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Beware the Invasion of the Databots!

An aloofly efficient world where only objective information was deemed acceptable would be less messy than one with emotional drama, but would this be living or just existing?

From My Side of the Desk:

I have a recurring nightmare where every phone call that I make is answered by a male or female Operatorbot with a nauseatingly pleasant voice, like those heard on approximately 98 percent of all business/agency/company phones. In all walks of life, aloofly efficient databots have become the fonts of all information deemed important by someone not necessarily in-touch with what we the people need. That’s because they want we the people to be just as emotionally unavailable as they are.  

Ah, what a dystopian… oops, I mean… what a utopian paradise a databot-driven society would create. Just think how much more could be accomplished without the interference of subjective or creative thoughts fueled by the messy interference of personal problems, passions, obsessions, tempers and egos. Just think how cost efficient databots would be compared to real-live mortals who understand peoplespeak and who demand livable salaries, benefits and personal understanding.

For example, during an annual exam last June, a test I took revealed a situation that might (and did) result in surgery. The time to allay my fears revealed in my anxious emails and phone calls to my doctor probably cost her many hours she could have spent with another patient…or two, or three. And I was just one of her triple-digit list of patients. Instead of compassionate Dr. B, Doctorbot could have responded with terse, “Just the facts, ma’am,” type of comments and moved on to the next nervous case load number. What a boon to Insurance/Medicare revenue that would be. After all, more time=more patients.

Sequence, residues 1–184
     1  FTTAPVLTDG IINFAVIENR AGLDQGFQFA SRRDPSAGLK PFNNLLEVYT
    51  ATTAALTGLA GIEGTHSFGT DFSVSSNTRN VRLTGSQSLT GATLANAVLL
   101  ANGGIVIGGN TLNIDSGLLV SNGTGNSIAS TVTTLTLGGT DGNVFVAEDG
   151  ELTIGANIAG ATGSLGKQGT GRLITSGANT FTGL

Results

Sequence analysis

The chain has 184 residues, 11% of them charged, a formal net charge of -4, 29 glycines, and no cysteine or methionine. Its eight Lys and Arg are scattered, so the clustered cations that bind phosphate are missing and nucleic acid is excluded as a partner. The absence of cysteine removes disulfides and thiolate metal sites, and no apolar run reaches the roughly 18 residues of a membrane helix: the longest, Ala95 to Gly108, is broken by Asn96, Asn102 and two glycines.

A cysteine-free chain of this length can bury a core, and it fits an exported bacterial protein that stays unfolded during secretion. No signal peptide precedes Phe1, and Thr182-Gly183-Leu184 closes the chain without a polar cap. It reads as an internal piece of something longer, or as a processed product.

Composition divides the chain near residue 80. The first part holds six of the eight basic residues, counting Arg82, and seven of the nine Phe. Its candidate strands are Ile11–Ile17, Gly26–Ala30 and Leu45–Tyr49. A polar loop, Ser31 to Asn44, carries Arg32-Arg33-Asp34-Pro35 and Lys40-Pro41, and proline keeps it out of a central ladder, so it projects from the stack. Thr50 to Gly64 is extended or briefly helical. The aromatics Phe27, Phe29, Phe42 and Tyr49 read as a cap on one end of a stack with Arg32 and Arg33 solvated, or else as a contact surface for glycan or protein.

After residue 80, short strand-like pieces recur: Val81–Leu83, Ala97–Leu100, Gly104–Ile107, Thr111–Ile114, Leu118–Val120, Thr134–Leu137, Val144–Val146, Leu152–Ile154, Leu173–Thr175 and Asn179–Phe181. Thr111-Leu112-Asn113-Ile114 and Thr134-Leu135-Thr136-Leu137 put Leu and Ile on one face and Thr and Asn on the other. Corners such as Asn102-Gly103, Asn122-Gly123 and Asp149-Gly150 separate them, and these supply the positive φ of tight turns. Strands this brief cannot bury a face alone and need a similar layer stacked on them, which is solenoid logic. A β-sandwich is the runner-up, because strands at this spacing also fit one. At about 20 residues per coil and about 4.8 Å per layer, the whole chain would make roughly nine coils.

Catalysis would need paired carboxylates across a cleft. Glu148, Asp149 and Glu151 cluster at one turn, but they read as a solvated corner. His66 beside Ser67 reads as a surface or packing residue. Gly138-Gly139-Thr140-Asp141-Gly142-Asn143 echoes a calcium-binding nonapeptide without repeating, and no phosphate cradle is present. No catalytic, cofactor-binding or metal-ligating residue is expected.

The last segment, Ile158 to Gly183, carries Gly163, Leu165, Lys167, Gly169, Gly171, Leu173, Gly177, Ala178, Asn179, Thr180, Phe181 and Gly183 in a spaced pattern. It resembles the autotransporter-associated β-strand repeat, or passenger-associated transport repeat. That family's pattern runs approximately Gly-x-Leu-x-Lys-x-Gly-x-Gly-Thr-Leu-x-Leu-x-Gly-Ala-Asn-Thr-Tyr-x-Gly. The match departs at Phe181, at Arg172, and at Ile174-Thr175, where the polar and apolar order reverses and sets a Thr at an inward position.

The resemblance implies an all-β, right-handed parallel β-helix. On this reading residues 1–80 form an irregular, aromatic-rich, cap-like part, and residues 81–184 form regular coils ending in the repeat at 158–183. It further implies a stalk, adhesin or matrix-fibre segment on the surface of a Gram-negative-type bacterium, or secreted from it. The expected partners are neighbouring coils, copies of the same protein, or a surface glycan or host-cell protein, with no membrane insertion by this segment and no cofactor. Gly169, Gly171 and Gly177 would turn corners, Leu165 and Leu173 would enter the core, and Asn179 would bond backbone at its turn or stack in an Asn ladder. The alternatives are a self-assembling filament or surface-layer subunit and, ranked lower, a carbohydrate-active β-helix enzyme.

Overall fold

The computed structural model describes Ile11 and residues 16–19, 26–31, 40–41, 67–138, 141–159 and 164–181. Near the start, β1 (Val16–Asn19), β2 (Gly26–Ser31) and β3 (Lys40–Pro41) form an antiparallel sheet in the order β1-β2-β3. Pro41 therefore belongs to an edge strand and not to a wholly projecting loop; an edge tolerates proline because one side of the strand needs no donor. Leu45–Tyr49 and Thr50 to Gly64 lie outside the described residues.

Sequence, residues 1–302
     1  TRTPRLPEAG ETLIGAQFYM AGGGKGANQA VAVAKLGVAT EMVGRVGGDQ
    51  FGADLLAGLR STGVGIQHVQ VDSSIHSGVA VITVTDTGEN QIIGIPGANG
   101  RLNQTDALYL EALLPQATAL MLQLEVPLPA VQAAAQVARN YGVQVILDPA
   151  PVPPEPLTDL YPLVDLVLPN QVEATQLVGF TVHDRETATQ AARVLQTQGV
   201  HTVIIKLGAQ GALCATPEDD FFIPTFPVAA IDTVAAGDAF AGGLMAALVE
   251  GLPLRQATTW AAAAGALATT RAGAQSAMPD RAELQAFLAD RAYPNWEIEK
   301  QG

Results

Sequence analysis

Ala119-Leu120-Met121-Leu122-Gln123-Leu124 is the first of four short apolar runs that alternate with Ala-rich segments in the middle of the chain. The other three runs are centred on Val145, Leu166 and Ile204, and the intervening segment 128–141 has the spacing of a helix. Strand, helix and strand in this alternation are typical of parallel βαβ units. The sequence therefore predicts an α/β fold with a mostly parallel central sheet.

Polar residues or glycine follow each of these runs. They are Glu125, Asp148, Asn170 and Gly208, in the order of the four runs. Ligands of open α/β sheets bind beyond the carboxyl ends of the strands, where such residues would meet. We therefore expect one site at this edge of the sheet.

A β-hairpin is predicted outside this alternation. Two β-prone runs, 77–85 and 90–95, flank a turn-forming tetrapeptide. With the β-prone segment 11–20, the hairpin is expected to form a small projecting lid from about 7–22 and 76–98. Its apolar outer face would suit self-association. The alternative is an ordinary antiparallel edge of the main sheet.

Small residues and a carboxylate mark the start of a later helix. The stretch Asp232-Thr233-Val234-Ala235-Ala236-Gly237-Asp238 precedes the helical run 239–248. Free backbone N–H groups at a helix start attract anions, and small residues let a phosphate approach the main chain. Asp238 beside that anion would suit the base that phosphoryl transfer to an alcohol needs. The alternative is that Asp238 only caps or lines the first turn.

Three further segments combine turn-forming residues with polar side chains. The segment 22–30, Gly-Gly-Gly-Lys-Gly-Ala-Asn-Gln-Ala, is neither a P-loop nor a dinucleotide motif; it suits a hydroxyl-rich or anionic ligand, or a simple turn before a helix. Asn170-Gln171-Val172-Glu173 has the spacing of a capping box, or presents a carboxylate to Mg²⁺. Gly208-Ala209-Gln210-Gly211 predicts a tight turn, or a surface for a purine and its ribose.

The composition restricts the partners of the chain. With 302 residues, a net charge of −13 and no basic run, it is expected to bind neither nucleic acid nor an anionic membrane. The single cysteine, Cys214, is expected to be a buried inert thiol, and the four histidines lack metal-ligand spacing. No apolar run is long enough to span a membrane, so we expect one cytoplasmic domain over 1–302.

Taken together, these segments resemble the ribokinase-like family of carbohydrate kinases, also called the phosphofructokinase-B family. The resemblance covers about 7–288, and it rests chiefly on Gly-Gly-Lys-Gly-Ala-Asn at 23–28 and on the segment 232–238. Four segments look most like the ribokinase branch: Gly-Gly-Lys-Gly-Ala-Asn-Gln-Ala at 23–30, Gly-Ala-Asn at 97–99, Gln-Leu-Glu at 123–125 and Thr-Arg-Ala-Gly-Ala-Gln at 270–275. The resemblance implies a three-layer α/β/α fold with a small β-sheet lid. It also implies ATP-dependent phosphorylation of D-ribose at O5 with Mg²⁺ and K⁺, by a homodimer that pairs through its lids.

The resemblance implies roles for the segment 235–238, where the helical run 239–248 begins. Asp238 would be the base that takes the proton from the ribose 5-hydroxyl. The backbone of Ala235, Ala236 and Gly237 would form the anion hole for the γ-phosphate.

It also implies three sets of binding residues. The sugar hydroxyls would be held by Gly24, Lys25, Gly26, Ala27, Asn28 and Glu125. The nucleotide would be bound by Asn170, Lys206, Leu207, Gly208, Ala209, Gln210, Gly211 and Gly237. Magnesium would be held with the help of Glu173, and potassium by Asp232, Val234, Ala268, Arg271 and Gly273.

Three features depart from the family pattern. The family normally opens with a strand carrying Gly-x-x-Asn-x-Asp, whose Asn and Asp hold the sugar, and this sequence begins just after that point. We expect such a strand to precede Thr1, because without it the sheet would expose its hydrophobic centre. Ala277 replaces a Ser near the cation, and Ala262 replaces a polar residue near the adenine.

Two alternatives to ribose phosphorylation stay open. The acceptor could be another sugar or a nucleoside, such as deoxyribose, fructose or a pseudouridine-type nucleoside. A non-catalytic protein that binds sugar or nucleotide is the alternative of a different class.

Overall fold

Speaking of Medicare, try calling the Social Security Office for any benefit reason.  Friday, I spent 22 minutes trying to get past Agentbot and all of her, “Pick a reason for your call,” listings to speak to a real live human being. No matter what I said when none of her choices fit my reason for calling, I was fed a monotonous migraine-causing, “I do not understand your response; choose an option or say, Agent” reply. I’d say, “Agent,” but get a reiteration of her same blasted list! All I wanted was to have an application form for Medicare Part B sent to me. The real-live, really pleasant lady who I had just spoken with in the Human Resources department of my past employer wanted me to fill it out and send it to her so she could initiate the change with my medical care provider. Simple? For the HR lady and me, yes; for Agentbot and me? Not so much.  Exasperation set in and I finally hung up.

Footnote: in Monday's snail mail, I receive a nice fat packet with everything that I required from the FCPS HR Department. Thank you, accommodating HR lady, for understanding my simple need, and for keeping me from having to speak to Agentbot ever again.